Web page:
The campus protest rally with a handful of fiery speakers and  some mass chanting is a staple of protest  politics — a traditional method of expressing  opposition and anger. But as we’ve seen this past year, when it’s  repeated over and over with the same speakers, the same rhetoric,  the and same slogans its effectiveness diminishes and the number  of participants declines.

It’s now clear that the campaign to defend and reform public  higher education is going to be a long hard road. A struggle that  can only be won by building a broad-based mass movement. Mass  movements don’t just happen, they are built by committed activists. But as a general rule, most people don’t become  politically active from listening to speeches, reading websites &  leaflets, or receiving emails & tweets. Organizations and  movements are built by conversations and involving people in  activities — activities that are more substantive  than listening to rally speakers or shouting slogans in a group  chant.

Creativity is a pillar of nonviolent direct action. We  need to apply some creative thinking to the traditional campus  protest rally so as to more effectively involve people in active  participation. For example:

Speak-Out Circles. One technique that proved useful  during the long student strike at S.F. State in 1968 was to  occasionally replace the noon rally with speak-out circles.  Instead of making the usual speeches, we called on people to form  small circles of 6-12 where everyone was encouraged to discuss  the issues. Pre-assigned circle-leaders spread out, raised their  hands, and shouted “form a circle on me.” When folk gathered  around, the leader asked: “Well, what do you think about  [whatever]?” and encouraged dialog. Dialog and discussion were  the keys, not the typical “I’m-the-expert-you-listen-to-me” mode  of speakers/teachers to passive audiences & classes. When done  successfully, speak-out circles allowed strike supporters to  discuss and debate with uninvolved students and opponents.

Inevitably, some circles didn’t jell and dissipated, but  others became lively, loud, and argumentative and attracted more  and more people to gather around. (Yes, encouraging those who  disagreed with us to speak was part of the method.) When a lively  circle became too large, and people were becoming frustrated  because they wanted to contribute their opinions and weren’t  getting an opportunity, a new leader pulled some away to start a  new circle — “Let’s start a new circle over  here!” On our best day, we once built up from an initial 3 to  eventually 11 circles all going at once. The entire lawn in front  of the cafeteria (now the student union) was a bubbling ferment  of ideas and passion and involvement.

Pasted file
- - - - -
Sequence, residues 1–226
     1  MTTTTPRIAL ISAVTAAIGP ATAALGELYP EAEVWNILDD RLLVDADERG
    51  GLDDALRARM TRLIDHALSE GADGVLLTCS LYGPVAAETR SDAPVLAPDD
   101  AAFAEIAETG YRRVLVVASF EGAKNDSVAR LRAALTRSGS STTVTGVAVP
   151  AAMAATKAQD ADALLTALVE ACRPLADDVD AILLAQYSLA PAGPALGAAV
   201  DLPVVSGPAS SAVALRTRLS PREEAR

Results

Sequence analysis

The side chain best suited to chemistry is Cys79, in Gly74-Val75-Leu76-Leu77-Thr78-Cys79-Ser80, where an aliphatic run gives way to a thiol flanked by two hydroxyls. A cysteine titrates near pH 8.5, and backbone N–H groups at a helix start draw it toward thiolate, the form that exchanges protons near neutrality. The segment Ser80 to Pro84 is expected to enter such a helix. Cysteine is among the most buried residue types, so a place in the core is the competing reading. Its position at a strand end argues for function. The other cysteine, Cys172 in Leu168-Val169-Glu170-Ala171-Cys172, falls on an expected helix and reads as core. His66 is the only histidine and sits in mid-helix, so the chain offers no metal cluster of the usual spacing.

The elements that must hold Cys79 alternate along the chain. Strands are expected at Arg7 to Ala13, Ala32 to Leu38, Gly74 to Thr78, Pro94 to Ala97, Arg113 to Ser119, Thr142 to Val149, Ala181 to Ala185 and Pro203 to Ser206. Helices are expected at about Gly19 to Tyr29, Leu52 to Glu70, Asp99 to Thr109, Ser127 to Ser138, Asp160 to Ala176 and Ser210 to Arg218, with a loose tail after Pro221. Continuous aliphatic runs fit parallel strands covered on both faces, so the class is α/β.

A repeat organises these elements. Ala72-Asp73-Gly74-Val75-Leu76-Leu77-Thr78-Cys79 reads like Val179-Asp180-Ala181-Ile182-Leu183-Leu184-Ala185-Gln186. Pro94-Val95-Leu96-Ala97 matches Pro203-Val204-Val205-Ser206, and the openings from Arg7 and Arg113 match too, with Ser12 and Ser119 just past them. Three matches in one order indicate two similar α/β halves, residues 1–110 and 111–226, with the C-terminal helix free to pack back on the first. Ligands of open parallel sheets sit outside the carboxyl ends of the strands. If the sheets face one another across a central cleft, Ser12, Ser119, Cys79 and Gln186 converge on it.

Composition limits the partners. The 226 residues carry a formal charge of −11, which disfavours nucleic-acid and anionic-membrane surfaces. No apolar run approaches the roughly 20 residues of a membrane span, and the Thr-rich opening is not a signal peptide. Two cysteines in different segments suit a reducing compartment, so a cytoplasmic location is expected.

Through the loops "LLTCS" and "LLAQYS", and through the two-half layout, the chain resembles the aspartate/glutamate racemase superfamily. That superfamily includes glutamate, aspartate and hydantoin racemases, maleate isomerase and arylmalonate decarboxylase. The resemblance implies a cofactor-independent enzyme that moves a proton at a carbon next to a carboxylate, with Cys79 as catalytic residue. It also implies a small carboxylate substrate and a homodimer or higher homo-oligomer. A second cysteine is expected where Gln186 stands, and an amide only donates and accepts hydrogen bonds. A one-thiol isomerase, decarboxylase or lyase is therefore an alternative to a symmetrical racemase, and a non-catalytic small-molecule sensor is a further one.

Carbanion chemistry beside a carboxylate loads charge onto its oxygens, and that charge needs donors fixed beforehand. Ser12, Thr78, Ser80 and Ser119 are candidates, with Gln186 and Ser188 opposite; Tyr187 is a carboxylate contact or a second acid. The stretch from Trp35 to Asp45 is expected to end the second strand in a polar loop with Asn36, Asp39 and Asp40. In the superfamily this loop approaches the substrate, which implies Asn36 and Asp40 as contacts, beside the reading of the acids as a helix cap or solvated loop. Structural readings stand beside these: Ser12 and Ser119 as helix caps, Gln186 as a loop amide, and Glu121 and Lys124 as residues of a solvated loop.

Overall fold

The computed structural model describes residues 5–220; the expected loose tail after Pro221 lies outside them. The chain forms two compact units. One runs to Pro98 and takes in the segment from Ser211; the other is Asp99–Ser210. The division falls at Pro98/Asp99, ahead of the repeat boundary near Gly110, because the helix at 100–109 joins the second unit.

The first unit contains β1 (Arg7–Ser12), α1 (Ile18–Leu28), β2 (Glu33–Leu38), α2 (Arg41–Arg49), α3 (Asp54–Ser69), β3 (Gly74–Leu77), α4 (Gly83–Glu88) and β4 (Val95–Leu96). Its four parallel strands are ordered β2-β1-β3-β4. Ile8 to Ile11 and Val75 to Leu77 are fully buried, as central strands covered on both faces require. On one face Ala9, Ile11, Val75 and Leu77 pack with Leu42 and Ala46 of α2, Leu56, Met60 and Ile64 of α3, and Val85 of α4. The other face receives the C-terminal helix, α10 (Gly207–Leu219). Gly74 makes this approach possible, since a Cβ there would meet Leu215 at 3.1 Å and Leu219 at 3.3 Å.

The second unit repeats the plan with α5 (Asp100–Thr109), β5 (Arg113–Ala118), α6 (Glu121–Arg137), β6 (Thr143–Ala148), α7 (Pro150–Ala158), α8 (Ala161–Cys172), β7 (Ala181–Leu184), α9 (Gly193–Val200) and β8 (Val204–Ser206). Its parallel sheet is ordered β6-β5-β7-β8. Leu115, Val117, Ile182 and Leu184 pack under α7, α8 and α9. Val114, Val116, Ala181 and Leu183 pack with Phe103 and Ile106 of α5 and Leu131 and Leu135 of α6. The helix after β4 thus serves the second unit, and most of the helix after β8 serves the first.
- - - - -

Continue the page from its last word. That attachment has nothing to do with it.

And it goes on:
Speak-out circles were most effective when something  particularly controversial had just occurred (usually by us) and  people were already buzzing, but they could be used at any time.  More students were moved to support the strike from their  participation in the ferment of those circles than from our  typical we-speak-you-listen rallies. And organizers used them to  spot potential activists for longer conversations, personal  invitations to committee meetings, and so on.

Big Post-Its Campaign. Today we can buy pads of easel- size Post-Its made from newsprint paper. They’re used at meetings  where ideas are written down large and stuck up on the walls.  Instead of a typical noon protest rally, how about bringing out  some big Post-It pads and a bucket of Sharpies and ask people to  write down their own ideas on the issues and post them up on the  walls and glass of nearby buildings. Have cadre prepared to start  it off with some well thought out provocative statements and be  the first to post them up. Be sure to date each statement,  photograph them, and put them up on the internet to share with  other schools (that way they won’t be lost if the administration  orders them torn down).

Use rolls of Blue Tape to reinforce the paper’s sticky back so  that the Post-Its stay up even on concrete walls (brick walls  usually won’t work even with tape). Using Blue Tape is important  because it’s designed to not damage underlying surfaces. Our core  message is that the power-elites are trying to destroy public  higher-education and we don’t want to make it easy for them to  divert the discussion by accusing us of vandalizing school  buildings.

(For those of you with an interest in ancient history, look up  “Big Character Posters” which were powerfully used in the Chinese  Democracy Movement of the mid-1970s until the government  suppressed them.)

We used to say “If you don’t like the history they’re teaching  you, go out and make some of your own.” If these ideas from an  old geezer find no favor in your eyes, create some of your own,  because we all need to start thinking out of the box.

February 1, 2011

The 5-95 Split

The sociologists and historians tell us that only rarely does a  social movement involve more than 5% of the affected population  in *active* participation.

  • Fewer than 7% of the American  colonists actively took part in the revolution against the  British.
  • In 70 years of struggle, the largest Woman Suffrage  protest was 8000 marchers in Washington, DC in 1913.